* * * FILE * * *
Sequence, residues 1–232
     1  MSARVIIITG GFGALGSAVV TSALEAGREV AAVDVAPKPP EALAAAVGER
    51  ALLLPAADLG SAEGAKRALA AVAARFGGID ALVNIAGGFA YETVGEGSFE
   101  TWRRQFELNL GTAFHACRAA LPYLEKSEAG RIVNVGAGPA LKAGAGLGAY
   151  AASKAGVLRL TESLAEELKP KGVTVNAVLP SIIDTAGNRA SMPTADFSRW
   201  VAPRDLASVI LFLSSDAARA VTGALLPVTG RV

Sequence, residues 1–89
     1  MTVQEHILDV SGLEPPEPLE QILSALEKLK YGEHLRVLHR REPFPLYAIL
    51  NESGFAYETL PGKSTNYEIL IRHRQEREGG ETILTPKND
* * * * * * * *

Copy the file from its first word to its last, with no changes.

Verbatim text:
Sequence, residues 1–232
     1  MSARVIIITG GFGALGSAVV TSALEAGREV AAVDVAPKPP EALAAAVGER
    51  ALLLPAADLG SAEGAKRALA AVAARFGGID ALVNIAGGFA YETVGEGSFE
   101  TWRRQFELNL GTAFHACRAA LPYLEKSEAG RIVNVGAGPA LKAGAGLGAY
   151  AASKAGVLRL TESLAEELKP KGVTVNAVLP SIIDTAGNRA SMPTADFSRW
   201  VAPRDLASVI LFLSSDAARA VTGALLPVTG RV

Sequence, residues 1–89
     1  MTVQEHILDV SGLEPPEPLE QILSALEKLK YGEHLRVLHR REPFPLYAIL
    51  NESGFAYETL PGKSTNYEIL IRHRQEREGG ETILTPKND